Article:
MGNREGS not a permanent solution: Jairam Ramesh

September 26, 2013 07:46 pm | Updated December 04, 2021 11:15 pm IST - New Delhi:

Rural Development Minister Jairam Ramesh. File photo

Rural Development Minister Jairam Ramesh. File photo

Rural Development Minister Jairam Ramesh said on Thursday that the Mahatma Gandhi National Rural Employment Guarantee Scheme (MGNREGS) was not a permanent solution for providing jobs in rural parts of the country.

“I do not see MGNREGS as a permanent employment generating programme. It is a transition programme for a 20-25 year period in areas where there is a need for distress employment,” he said, while inaugurating ‘IDFC Limited’s India Rural Development Report 2013.’ The report reviewed all major Central government rural programmes and schemes and, in particular, the flagship rural job scheme.

Additionally, the Minister noted that all evidence points to the changing nature of rural employment and a sharp increase in rural non-farm employment. The report reveals that non-farm income sources are increasingly important – 43 per cent of rural families rely on non-farm employment as their major income source.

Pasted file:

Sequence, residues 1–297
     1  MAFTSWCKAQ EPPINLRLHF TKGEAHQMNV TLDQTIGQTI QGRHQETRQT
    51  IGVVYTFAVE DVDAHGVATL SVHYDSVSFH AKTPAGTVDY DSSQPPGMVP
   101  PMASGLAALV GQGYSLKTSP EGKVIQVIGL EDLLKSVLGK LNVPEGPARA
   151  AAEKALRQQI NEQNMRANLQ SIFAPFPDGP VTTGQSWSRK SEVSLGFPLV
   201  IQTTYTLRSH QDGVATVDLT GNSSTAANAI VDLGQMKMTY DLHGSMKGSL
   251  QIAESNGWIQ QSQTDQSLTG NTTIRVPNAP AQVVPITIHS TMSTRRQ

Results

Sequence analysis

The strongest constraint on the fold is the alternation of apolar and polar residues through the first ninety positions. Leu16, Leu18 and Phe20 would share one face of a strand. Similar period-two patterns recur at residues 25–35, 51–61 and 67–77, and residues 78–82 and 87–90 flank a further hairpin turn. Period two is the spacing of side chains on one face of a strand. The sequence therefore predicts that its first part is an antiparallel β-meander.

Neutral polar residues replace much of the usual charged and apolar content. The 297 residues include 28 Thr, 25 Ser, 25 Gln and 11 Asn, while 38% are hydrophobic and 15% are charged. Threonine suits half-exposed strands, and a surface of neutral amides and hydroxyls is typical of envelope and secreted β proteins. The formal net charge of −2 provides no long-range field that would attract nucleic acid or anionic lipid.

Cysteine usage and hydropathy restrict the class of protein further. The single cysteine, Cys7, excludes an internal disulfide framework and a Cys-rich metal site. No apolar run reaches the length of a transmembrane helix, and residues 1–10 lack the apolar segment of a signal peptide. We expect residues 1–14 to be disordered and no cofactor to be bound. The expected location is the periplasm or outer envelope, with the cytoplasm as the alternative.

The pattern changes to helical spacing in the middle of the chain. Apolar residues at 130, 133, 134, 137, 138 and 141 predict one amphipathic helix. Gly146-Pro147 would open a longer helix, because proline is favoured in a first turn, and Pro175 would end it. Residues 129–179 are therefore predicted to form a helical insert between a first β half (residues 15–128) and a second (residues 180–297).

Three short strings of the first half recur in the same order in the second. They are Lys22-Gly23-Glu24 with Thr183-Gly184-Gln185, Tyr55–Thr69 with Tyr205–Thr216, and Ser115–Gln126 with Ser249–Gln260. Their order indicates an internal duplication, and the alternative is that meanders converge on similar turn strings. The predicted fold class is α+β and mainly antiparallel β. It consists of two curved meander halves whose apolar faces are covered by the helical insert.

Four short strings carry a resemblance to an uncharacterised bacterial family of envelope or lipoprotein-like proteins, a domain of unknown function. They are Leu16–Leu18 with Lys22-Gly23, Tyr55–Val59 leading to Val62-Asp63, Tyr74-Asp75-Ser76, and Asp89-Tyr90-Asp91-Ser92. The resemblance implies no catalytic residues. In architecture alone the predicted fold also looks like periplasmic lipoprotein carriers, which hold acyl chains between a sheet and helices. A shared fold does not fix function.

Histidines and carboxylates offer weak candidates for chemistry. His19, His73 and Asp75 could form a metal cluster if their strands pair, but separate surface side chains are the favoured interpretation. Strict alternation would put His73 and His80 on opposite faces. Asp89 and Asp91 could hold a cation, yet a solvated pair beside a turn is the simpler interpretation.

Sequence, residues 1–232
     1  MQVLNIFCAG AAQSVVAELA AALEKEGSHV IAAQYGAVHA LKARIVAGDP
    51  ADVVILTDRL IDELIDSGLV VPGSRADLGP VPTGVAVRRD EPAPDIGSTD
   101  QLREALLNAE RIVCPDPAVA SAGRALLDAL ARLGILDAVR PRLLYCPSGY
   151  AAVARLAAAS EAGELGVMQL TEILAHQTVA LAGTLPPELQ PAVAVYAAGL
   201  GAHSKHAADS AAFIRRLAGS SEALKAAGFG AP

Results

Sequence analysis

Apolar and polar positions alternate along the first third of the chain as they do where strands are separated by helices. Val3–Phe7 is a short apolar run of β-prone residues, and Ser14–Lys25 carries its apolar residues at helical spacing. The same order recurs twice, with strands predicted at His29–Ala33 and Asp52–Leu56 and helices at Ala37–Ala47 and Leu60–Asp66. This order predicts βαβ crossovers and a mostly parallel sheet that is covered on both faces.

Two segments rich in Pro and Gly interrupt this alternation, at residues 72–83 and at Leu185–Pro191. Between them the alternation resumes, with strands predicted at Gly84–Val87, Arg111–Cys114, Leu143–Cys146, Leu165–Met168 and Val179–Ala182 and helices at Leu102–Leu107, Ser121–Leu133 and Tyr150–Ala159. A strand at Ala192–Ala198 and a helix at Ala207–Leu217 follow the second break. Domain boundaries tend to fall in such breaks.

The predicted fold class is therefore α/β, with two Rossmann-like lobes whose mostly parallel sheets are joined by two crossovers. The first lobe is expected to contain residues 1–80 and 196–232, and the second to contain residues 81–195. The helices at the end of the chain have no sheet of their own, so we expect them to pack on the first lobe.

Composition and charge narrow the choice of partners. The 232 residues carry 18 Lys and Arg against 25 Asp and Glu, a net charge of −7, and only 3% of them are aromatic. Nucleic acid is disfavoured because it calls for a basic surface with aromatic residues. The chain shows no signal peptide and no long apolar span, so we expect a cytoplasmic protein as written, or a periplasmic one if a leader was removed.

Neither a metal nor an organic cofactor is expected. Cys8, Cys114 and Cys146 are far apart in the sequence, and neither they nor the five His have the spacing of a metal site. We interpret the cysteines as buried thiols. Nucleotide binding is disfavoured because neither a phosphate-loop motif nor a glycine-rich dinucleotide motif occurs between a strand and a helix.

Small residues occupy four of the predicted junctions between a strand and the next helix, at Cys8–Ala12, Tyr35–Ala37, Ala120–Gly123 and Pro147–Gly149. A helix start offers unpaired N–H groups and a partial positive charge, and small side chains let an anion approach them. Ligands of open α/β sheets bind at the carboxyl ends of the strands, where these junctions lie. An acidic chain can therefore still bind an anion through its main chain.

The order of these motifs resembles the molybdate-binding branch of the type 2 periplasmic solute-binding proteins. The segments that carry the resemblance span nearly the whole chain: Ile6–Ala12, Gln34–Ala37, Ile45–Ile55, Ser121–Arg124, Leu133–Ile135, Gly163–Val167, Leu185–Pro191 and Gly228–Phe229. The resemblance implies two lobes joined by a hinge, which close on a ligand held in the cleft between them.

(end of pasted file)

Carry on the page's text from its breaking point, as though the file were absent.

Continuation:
Mr. Ramesh said the government would be bringing out changes in the implementation of the scheme by focusing on creation of durable community assets under the programme.

Fundamental problems

Identifying the “fundamental problems” of the scheme, Mr. Ramesh said, they stemmed from the conflicting nature of its three objectives. “The objective number one of the MGNREGS is providing wages, objective number two is creating government community assets and three empowering gram panchayats. At no point of time can all the three objectives be achieved,” he said.

The Minister said the scheme had helped reduce distress migration from States such as Bihar and Odisha to Punjab and Haryana. This had been felt by the Railways as not many passengers had travelled between the two places.

40-45 day employment

According to the report, the scheme has provided an average of 40-50 days of employment per year to about 25 per cent of all rural households making it the largest public works programme in India’s history. It has helped empower women by providing them employment on equal terms. Women account for almost half the total person days of employment.

The scheme has contributed to reducing poverty, both directly as well as indirectly, by putting upward pressure on agricultural wages.

But the programme has inadequate coverage among the needy (despite their demand for work), especially in those States that have a high incidence of poverty, possibly reflecting weaker governance. Other issues that must be dealt with urgently include delays in providing work and in wage payments, and shortage of engineering staff.

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